See, National Exchange Bank v. Wiley, 195 U. S. 257 (1904); Grover & Baker Sewing Machine Co. v. Radcliffe, 137 U. S. 287 (1890). See American Surety Co. v. Baldwin, 287 U. S. 156 (1932) (The Full Faith and Credit cases); and Overmyer v. Frick, 405 U.S. 174 (1972) (the Due Process Clause case). However, although it is permissible under the federal Constitution to perform a cognovit procedure on an undeveloped defense to payment under a promissory note, thus terminating the defense, the use of this device may be further restricted by state law. For example, in Illinois, both the legislature and the courts have restricted creditor access to the cognovit procedure in cases of consumer debts. See, e.g., 735 ILCS 5/2-1301(c). Further limitations on the exercise of cognovit could therefore be recognized, and legal ethics grounds may provide a sound basis to do so. Indeed, this article suggests that a good-faith argument could be made that the Illinois Supreme Court’s Rules of Professional Conduct, in their current form, should be interpreted or extended to prohibit cognovit in the case of a single attorney simultaneously representing both parties to an Illinois cognovit proceeding.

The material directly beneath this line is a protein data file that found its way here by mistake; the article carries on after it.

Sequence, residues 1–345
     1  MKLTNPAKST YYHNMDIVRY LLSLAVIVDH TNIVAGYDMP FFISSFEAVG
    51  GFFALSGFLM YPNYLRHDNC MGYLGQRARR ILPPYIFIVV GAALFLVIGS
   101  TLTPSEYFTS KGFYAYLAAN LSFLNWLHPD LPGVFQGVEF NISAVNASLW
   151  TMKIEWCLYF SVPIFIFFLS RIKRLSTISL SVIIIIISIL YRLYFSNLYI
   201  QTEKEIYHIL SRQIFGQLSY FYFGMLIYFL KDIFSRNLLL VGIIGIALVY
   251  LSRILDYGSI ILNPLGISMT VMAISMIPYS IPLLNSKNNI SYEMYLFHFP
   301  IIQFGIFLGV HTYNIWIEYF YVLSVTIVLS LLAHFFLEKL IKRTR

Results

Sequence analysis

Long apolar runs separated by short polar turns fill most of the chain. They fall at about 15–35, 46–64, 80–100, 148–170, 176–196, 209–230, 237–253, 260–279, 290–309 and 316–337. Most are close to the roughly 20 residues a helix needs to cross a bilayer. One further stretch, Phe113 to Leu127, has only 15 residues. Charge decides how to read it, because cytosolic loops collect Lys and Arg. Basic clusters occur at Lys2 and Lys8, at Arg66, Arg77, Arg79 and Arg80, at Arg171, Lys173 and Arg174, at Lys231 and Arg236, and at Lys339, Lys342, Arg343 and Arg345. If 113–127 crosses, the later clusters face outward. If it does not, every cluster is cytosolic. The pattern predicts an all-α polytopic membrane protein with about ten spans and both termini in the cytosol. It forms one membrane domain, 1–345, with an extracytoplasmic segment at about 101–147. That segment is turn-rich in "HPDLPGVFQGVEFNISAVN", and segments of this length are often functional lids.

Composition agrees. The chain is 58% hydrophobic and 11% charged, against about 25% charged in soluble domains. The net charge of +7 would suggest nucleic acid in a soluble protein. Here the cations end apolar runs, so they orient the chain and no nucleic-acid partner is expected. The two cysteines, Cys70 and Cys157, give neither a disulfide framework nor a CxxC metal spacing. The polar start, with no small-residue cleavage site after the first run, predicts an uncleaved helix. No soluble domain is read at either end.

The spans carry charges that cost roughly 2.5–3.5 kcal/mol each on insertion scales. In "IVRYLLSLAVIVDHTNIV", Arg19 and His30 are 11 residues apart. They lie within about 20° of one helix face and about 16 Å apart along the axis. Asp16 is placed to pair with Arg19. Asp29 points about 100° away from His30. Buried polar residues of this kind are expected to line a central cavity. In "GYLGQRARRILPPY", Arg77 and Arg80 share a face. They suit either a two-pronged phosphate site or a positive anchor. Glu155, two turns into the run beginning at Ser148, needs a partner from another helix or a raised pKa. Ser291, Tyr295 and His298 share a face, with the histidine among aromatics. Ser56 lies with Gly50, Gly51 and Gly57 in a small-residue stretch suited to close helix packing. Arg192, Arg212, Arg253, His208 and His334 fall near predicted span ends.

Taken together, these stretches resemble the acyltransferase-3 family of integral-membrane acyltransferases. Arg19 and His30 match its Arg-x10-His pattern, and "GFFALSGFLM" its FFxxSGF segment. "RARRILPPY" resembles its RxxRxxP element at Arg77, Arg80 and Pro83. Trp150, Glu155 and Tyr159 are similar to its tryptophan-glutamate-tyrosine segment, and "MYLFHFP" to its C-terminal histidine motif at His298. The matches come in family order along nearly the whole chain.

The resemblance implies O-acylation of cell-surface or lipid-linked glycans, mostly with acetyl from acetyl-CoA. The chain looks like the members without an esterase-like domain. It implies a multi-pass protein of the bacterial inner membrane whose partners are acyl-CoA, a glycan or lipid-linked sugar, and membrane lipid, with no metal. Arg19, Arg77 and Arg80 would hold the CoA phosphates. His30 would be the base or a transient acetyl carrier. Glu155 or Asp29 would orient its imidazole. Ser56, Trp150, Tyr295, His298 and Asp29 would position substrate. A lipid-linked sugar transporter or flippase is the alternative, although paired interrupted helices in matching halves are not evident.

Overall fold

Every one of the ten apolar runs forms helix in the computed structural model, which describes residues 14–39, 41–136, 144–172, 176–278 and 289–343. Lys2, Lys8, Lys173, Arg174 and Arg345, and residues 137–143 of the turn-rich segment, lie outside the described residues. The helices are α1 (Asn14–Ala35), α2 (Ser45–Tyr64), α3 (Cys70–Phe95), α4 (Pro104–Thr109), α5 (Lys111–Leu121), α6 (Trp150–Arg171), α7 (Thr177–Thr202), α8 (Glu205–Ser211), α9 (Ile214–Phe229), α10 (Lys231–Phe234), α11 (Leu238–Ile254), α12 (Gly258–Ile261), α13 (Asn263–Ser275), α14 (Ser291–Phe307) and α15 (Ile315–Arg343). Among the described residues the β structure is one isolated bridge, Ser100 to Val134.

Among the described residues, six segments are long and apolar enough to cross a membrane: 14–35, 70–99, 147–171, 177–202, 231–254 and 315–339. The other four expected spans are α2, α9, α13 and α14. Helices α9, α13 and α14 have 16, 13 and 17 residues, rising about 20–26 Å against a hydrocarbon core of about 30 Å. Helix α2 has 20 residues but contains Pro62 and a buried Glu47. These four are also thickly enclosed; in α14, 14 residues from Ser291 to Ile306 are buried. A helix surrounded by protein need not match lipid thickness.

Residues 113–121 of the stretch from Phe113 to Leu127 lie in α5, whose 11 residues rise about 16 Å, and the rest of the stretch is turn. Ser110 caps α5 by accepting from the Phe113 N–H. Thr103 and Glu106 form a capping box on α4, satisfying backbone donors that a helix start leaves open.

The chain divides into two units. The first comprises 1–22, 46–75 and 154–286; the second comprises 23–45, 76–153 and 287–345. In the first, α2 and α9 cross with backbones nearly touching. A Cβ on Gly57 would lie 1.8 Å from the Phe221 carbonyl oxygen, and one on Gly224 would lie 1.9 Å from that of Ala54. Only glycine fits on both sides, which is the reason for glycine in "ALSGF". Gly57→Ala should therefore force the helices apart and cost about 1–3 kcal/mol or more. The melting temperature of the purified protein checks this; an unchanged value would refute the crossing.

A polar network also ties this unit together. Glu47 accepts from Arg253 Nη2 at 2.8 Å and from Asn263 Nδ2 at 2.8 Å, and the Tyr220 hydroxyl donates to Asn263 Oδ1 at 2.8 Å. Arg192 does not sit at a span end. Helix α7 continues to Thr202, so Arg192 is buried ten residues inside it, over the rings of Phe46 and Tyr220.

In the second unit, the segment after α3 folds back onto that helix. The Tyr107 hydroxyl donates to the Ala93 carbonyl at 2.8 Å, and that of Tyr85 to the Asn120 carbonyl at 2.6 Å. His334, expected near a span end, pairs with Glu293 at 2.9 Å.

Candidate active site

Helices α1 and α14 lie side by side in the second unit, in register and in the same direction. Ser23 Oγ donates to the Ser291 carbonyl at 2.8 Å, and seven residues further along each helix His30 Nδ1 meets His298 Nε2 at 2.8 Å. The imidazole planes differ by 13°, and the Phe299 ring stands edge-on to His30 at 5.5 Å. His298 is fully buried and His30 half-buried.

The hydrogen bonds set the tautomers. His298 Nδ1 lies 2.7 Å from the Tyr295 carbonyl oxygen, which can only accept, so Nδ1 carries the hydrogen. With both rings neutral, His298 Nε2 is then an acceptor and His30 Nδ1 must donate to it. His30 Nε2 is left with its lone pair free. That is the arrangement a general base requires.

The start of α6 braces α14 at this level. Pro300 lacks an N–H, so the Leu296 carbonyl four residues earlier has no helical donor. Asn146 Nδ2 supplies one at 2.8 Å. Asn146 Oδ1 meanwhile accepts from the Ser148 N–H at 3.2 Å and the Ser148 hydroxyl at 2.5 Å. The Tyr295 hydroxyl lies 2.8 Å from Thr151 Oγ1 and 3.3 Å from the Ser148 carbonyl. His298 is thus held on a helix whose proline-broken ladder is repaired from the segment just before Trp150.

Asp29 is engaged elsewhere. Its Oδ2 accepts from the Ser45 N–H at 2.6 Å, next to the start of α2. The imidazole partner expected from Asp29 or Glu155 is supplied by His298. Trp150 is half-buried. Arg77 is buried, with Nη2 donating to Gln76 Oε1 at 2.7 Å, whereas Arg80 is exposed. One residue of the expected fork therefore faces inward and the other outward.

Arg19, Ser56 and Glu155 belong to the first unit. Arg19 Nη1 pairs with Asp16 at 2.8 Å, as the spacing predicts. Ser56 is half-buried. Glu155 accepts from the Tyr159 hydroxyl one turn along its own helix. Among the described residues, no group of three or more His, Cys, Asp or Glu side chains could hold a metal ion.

Michael G. Cortina, “Confessions of an Illinois Judgment,” Ill. Bar J. (Nov. 2010) at 578. Cortina spells out exactly what incantation of words to draft into standard form promissory notes if a creditor client wants to try cognovit on a debtor someday:
To further secure payment hereof, Borrower irrevocably authorizes any attorney of any court of record to appear for Borrower, at any time from time to time after payment is due, whether by acceleration or otherwise, and confess a judgment, without process, in favor of the Lender against the Borrower for such amount as may be unpaid, together with costs of such proceeding and reasonable attorneys’ fees, and waives and releases all errors which may intervene in any such proceeding and consents to immediate execution upon said judgment, hereby ratifying and confirming all that said attorney may do by virtue hereof. Borrower hereby waives any errors and fully releases any attorney-in-fact obtained by Lender to confess judgment on Borrower’s behalf.